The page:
2. Agreed. If you are doing long distance stuff, you need reviewers who do the same. Mostly, I guess the most important thing is to consider the source. I am convinced many reviewers either outright lie, or are so deluded by the gear, or are so inexperienced, their reviews are simply worthless.

    How to establish credibility as a reviewer is an interesting topic. Like you said above, trip reports should probably outnumber gear reviews:)

  3. This guy comes to mind, regarding reviewer “qualification”, stumbled upon this a few weeks back:

    http://www.redwoodoutdoors.com/2011/08/cottage-industry-how-important-is-gear.html

    Unfortunately, so many blogosphere reviews/reviewers come off like an outdoor industry equivalent to a fantasy football league. Fake.

    I enjoy diving into thorough trip reports and browsing through attached gear lists, these are like gold. Analytical gear reviews from months of “in the field testing”? Nope, not usually. What I do find valuable are anecdotal accounts from individuals like yourself who are getting out frequently, running kit through the paces, and condensing the functionality of gear into a shorter span of time. Ultimately, gear should be somewhere in the background as a footnote to adventure, a means to an end, and treated as such.

    1. I have a two graph rule: I’ll pay attention to the first two graphs/tables/charts, and unless the topic is very compelling skim the rest. I’m brainstorming various ways to get feedback when my more intensive BPL reviews start coming out.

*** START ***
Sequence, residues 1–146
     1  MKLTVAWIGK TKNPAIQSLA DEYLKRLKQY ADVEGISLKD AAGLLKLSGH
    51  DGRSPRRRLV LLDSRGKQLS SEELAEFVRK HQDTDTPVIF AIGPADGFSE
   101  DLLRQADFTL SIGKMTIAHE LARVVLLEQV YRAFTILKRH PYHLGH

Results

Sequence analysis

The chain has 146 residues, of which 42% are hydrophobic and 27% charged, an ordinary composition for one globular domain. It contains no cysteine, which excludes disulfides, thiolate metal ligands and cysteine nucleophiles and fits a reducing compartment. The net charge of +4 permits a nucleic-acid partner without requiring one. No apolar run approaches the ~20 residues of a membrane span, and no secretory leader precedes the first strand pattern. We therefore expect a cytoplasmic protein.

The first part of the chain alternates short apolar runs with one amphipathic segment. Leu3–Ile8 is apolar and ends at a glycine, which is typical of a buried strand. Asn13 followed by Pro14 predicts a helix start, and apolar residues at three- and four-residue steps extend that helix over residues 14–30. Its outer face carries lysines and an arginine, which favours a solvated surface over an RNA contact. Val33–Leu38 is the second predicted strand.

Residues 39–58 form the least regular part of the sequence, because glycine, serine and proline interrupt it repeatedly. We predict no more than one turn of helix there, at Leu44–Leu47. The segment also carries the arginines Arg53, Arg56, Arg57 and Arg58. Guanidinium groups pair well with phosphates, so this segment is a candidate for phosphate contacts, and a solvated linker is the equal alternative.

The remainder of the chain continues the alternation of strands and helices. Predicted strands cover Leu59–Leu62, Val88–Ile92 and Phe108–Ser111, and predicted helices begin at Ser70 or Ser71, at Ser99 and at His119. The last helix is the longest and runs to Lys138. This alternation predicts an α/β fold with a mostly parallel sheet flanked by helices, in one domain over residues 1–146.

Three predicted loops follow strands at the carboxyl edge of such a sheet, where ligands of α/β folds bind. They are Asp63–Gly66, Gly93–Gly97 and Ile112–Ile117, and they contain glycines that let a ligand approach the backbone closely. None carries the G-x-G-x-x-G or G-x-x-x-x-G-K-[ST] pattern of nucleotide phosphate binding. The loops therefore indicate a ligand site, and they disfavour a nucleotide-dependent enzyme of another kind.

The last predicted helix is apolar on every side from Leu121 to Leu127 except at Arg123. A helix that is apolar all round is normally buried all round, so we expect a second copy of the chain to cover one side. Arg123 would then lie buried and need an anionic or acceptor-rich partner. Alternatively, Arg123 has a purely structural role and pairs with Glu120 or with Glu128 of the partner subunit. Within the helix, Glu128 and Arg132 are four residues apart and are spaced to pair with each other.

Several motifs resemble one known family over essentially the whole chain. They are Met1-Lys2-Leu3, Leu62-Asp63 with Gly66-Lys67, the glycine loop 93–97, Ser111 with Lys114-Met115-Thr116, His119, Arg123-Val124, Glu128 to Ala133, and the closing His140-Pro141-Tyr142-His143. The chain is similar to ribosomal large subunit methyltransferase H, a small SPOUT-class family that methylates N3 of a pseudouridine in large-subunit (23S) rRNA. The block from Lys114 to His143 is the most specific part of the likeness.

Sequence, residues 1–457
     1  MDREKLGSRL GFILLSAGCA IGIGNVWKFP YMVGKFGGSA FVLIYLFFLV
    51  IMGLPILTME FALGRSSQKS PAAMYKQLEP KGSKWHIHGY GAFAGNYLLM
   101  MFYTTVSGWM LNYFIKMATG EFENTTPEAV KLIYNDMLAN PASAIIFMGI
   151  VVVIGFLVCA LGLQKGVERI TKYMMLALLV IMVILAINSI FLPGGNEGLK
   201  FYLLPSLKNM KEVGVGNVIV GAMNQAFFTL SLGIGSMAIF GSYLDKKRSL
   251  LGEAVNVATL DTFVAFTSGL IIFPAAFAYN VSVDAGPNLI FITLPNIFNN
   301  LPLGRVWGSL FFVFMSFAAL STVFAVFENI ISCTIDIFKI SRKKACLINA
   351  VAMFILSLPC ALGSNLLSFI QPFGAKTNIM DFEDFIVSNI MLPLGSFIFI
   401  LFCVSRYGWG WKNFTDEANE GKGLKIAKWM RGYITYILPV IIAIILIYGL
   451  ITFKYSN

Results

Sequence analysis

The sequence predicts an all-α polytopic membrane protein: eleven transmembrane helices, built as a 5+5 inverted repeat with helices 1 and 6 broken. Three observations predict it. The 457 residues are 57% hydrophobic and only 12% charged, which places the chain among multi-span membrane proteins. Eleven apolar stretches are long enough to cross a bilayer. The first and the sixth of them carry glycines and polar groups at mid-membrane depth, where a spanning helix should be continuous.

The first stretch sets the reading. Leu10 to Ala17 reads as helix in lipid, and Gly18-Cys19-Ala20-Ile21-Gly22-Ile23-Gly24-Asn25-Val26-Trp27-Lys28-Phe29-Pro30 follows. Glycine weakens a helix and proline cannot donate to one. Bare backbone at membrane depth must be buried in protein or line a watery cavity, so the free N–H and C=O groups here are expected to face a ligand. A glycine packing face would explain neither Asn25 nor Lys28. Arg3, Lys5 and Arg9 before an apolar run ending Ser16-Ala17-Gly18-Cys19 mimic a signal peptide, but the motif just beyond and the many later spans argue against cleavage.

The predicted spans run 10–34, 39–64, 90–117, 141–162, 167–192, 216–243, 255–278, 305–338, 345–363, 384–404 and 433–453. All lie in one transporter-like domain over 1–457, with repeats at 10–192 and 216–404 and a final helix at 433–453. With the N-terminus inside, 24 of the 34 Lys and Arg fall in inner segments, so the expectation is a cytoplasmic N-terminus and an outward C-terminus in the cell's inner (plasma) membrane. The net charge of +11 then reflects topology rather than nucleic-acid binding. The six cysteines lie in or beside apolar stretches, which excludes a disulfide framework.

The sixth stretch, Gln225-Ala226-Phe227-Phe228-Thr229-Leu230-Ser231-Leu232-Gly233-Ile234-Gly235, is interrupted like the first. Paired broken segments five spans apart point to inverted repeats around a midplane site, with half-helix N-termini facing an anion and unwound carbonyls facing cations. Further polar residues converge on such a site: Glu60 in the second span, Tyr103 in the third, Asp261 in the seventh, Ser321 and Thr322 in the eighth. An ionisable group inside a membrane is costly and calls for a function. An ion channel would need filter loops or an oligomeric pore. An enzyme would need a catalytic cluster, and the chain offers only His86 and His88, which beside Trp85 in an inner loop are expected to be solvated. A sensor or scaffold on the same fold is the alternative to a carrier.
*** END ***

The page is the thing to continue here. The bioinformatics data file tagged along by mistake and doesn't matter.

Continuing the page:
That Redwood post is an interesting one. I’d take his analysis and remove the weight categories entirely, and substitute gradations and experience and how demanding the trips are. That you could conflate base weight with the rest seems to me to show how uninteresting “just backpacking” too often is.

  4. “That you could conflate base weight with the rest seems to me to show how uninteresting “just backpacking” too often is.”

    Agreed, the focus of that discussion, when it centers solely around gear and the reiterations therein, runs its’ course pretty quickly. There is still much to be discussed in terms of the quality of experience in regard to “just backpacking” and wilderness experience. What is “just backpacking” anyhow?

    I often find, when shared from the perspective of creative and invested individuals, that wilderness encounters of the simplest variety can be incredibly inspiring and occasionally motivating.

    With that said, I’m still looking forward to your upcoming editorial contributions, you always provide a fresh perspective, one that BPL has been lacking over the last few years IMO.